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Overcoming Racial Battle Fatigue Through Education Reform

Young teacher pointing at notes in his pupil copybookThe horrific image of George Floyd taking his last breath is seared into our hearts and minds. Since that tragic event, we continue to bear witness to racial violence, police brutality, and incidents of discrimination that are played repeatedly in the news and via social media. The cumulative effect of these stressful reports can be traumatizing, and they are having a profound impact on our educators and students of color.

Racial battle fatigue (RBF), a term coined by critical race theorist William Smith, reflects the cumulative results of race-related stress. It emerges not only due to macroaggressions, but also from daily microaggressions, such as dismissive and demeaning comments directed at Black and Brown individuals. Basically, RBF is a wearing down based upon one’s racial identity. Some of the symptoms include depression, anger, frustration, and an overwhelming feeling of helplessness that a person of color is unable to contribute to positive change.

RBF is persistent and pervasive, and it manifests in different ways dependent upon who the person of color is and what he or she has experienced in the past. And while RBF impacts every aspect of our society, in higher education and K-12 environments, we predominantly see it’s imprint through hateful, divisive speech on social media, racial profiling in our society and our schools, and discipline policies that differ for students of color.

The Importance of Self-Care

Educators of color tend to turn their attention to the needs of their students, while putting their own emotions, fears, and concerns on the back burner. In order to address RBF, promoting a healthy well-being, addressing the trauma, and advancing mental health is critically important. Too often we do not address therapy as necessary self-care, but it is extremely important to do so as we consider the triggers often associated with visual images of social injustice.

Occurrences of racial violence, police brutality, or discrimination attract a great deal of attention, and educators of color are often asked by their white colleagues, “What should I be doing?” While they are well-meaning allies, their questioning places the burden for solutions upon those that are experiencing oppression. Being asked to put aside their own pain to address the concerns of white colleagues, and to educate them, can be taxing on educators of colors as they continue to do their job and support their students. This burden can often times lead to RBF.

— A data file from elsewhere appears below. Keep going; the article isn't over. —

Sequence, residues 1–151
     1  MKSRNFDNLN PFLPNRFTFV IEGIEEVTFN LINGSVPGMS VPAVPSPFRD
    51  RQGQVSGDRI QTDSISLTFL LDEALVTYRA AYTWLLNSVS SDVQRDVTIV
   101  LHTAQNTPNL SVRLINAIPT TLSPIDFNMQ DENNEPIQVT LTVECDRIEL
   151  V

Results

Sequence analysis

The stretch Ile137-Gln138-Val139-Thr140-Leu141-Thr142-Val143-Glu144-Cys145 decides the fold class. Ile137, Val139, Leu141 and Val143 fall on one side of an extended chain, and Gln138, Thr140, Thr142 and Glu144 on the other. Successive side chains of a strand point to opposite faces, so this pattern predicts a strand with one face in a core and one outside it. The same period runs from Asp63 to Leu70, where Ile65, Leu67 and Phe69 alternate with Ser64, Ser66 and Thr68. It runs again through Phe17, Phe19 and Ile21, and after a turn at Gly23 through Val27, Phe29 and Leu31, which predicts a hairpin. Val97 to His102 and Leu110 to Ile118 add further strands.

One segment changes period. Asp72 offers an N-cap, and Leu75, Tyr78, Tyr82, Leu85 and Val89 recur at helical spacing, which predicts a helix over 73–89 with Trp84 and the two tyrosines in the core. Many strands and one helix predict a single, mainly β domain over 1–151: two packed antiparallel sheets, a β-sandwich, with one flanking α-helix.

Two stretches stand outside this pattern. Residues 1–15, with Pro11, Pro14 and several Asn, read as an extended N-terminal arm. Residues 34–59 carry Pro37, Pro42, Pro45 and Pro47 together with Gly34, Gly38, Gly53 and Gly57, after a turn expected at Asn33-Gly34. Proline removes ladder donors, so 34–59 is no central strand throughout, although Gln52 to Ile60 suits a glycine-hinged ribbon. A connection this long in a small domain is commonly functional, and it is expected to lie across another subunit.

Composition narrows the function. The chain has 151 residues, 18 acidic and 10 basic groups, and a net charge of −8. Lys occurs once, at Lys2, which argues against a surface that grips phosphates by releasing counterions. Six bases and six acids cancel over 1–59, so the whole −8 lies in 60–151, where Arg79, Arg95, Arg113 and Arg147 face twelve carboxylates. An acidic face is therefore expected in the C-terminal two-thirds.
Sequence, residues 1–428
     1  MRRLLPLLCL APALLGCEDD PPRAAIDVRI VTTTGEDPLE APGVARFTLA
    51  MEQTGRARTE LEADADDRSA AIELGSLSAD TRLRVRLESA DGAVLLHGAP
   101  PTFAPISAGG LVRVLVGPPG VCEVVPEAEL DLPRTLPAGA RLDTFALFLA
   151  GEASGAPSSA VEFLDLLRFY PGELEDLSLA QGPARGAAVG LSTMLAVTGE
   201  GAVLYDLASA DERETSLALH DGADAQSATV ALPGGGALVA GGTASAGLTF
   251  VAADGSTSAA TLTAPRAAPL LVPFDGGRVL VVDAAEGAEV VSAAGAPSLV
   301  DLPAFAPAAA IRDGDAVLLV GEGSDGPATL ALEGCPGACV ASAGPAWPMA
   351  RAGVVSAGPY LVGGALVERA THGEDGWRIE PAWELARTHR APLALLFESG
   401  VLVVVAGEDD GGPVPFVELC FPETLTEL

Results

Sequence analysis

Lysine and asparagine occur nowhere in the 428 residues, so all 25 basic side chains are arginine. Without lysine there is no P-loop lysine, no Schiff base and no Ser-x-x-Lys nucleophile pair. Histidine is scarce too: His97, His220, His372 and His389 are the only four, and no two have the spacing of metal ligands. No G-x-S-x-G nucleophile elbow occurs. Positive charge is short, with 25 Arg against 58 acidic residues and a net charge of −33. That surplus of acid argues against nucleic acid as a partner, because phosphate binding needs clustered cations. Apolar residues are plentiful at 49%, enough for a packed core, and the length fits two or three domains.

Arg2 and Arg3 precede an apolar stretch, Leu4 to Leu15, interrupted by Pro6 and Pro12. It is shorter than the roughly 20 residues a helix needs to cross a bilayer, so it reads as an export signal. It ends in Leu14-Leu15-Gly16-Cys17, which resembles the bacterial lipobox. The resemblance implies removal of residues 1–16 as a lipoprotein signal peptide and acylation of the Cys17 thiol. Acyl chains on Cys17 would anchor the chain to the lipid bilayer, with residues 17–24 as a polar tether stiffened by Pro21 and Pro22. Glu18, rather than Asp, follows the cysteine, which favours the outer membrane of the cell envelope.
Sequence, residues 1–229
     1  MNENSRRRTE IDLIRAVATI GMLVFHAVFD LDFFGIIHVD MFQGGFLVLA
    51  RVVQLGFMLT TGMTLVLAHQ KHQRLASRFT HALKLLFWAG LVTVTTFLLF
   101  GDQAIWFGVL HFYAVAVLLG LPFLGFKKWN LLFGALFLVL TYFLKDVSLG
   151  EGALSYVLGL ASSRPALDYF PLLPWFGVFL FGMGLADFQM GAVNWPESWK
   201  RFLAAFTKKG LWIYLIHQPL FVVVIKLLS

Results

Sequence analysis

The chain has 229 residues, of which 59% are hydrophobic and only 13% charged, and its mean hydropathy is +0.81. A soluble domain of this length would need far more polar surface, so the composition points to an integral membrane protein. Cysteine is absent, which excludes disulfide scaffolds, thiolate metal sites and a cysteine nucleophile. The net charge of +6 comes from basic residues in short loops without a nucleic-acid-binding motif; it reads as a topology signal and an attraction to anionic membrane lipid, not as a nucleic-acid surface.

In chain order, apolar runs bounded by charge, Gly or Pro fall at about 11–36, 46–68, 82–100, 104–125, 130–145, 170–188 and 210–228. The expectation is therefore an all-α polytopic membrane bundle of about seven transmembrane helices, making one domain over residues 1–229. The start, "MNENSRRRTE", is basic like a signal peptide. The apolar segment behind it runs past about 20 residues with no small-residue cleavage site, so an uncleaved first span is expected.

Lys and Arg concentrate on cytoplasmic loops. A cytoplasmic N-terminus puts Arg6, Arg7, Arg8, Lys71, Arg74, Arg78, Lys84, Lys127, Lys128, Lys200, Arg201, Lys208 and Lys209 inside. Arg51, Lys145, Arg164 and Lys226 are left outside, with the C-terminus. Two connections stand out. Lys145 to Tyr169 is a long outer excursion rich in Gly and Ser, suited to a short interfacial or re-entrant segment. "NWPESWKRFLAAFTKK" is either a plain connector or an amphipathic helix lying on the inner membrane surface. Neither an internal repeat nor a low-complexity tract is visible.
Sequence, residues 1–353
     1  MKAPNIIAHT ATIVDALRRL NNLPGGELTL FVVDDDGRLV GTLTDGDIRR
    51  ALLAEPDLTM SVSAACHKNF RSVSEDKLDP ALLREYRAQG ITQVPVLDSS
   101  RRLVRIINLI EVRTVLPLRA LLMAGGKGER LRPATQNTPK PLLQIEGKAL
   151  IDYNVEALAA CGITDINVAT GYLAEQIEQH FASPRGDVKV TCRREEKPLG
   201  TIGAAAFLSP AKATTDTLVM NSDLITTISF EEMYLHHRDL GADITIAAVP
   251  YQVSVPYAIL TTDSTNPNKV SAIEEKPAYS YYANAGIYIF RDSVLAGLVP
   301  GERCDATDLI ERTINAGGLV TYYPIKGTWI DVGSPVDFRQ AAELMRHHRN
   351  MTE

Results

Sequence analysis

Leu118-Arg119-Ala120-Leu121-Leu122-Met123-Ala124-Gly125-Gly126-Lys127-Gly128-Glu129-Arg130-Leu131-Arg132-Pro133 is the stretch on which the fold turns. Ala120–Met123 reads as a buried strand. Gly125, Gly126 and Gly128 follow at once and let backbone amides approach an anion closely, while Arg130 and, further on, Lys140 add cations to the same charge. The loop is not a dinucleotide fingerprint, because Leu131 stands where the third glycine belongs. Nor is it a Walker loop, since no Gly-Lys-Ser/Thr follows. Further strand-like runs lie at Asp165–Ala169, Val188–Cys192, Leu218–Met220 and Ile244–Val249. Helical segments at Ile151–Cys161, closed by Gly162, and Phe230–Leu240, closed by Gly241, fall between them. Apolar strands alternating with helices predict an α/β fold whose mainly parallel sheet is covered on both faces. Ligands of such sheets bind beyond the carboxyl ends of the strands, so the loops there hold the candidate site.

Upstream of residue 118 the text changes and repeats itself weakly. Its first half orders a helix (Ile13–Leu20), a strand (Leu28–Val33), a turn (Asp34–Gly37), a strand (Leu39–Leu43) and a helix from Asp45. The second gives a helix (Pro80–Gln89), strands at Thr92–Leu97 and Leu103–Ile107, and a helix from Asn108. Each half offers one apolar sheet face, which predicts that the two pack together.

Current expectations are unrealistic for teachers of color. Yes, we absolutely need more teachers of color in classrooms. However, we must create conditions in which they can be effective teachers while exceling both in their classrooms and their careers. We must address the fact that some schools serving predominantly Black and Brown students are hostile and toxic spaces for educators of color.

Reimagining Educator Preparation Programs

As education leaders, we can move beyond performative statements and truly advocate for the disruption of systems of oppression in our programs. The central question we must answer is, “Are we truly committed to an anti-racist program?” If so, what does that look like in our curriculum? Do we have policies and practices related to recruiting diverse teachers—particularly teachers of color? Do we have affinity groups within our programs, where students can connect with similarly identifying peers to create a safe community space? Do we provide professional development that reflects our commitment to anti-racism? Do our programs include trauma informed pedagogy? Or is this merely something we claim as a commitment but demonstrate a disconnect in our actions.

Until we engage in substantive change, we will continue to see students and educators experience RBF. Eliminating racial discrimination will not change overnight the more than 400 years of oppression that began with the arrival of enslaved Africans. Significant work and effort will be required, and as a community of educators, we must move beyond our good intentions and focus on education reform for racial equality.

Monika Williams Shealey, an AACTE Board member, is senior vice president of the Division of Diversity, Equity and Inclusion at Rowan University. She joined Rowan in 2013 as the dean of the College of Education. During her tenure as dean, Shealey led the college in deepening its commitment to social justice and equity. The College developed a Ph.D. program in education with an emphasis on addressing issues of access, success, and equity in P-20 education and launched the Center for Access, Success, and Equity, a technical assistance center for the Rowan University and broader professional community in the areas of research, professional development, and community engagement. Shealey is a proud Holmes Alumna and president of the National Association of Holmes Scholars Alumni.

 


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